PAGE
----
June was a whirlwind of activity as we tied together lose ends for our mission trip to Ethiopia, packed to go overseas, finished paperwork for Habi's student visa, begged God to allow him to come home, and loved on our three babies who we would miss so much while we were gone. In June we continued to fund raise for Habi's plane ticket and other expenses to get him here. I stepped out in faith and I decorated his bedroom believing that he would soon be living in it. I slept better this month, as I knew that Habi was safe with our friend Chuck in Ethiopia, who had gone over a month ahead of our team. It was such a great feeling knowing Habi was safe and fed for an entire month, and it gave me so much peace.
One of my favorite parts of June was meeting Shaun Groves and eating dinner with him and our Ethiopian team. He came and preformed a concert at our church. It was definitely a night to remember and the perfect way to prepare my heart for our upcoming trip.
And thanks be to God - this was the month that Cadi was officially declared in remission, and we could finally put I.T.P. behind us after 8 long months of blood tests and a sick little girl.
I still do not have words for July. Typing this, even now, so many months removed, my throat throbs, my eyes burn, and my heart races. We literally stood inside of a move of God as He granted Habi that student visa. For the first time, our family was together and whole.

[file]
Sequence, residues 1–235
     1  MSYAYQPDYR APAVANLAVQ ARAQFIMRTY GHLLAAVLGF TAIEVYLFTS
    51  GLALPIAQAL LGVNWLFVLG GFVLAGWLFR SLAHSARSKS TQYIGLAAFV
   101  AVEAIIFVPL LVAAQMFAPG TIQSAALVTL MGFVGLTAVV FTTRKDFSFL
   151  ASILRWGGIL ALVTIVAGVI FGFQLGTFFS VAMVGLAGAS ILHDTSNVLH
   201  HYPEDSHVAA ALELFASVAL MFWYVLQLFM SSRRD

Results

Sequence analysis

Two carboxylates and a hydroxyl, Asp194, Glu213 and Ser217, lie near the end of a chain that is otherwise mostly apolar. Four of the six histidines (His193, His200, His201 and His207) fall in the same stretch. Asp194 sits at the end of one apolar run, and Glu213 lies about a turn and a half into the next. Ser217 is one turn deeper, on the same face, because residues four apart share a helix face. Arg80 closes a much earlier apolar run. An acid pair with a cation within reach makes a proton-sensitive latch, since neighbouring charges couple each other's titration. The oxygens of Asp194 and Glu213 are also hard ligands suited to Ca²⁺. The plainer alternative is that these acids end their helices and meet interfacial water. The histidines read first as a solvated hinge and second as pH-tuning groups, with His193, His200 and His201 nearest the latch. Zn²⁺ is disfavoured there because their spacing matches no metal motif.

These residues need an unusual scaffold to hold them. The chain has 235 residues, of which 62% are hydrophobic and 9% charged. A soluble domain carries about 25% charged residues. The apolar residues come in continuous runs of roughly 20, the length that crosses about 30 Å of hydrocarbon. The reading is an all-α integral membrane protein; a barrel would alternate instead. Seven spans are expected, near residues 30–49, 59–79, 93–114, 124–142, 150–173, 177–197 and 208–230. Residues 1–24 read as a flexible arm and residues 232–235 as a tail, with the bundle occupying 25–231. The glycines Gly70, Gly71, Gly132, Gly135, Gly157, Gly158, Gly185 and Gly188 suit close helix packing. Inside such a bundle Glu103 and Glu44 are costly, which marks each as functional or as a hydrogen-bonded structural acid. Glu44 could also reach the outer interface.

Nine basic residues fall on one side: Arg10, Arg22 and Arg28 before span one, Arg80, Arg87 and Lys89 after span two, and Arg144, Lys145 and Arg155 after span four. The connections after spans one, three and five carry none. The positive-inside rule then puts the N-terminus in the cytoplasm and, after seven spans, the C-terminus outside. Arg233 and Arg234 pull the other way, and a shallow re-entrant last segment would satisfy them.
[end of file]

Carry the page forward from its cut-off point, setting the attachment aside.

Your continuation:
And then our trip to Ethiopia - experiencing serving people whom we have fallen in love with, alongside the son we fought so hard for, well, I still cannot wrap words around it. Sharing my journal entries from that trip is too intimate for me, so I have shared so very little from our time serving in Ethiopia. I walked away from that trip with a real desire for more from our American churches. I came home almost depressed with what we have here. I am still working through all of that. It is hard to experience authentic worship with brothers and sisters, and then come home to sterile, programmed, polished "church". I do not mean that to be an insult, I am as much of the problem as the next person, just trying to work through it all.
July also brought about a CPS investigation on Jim and I, as Jamesy escaped from our home one evening. Although, it has now been cleared up, we are still shaken by that experience and disturbed that so little grace was shown for his special needs. Our family also travelled out to Illinois and Indiana. In Illinois we got to meet and stay with some dear friends, and then we attended my brother's wedding. Although, the trip was hard on the heels of coming home from Ethiopia, it was also a good bonding time for our family.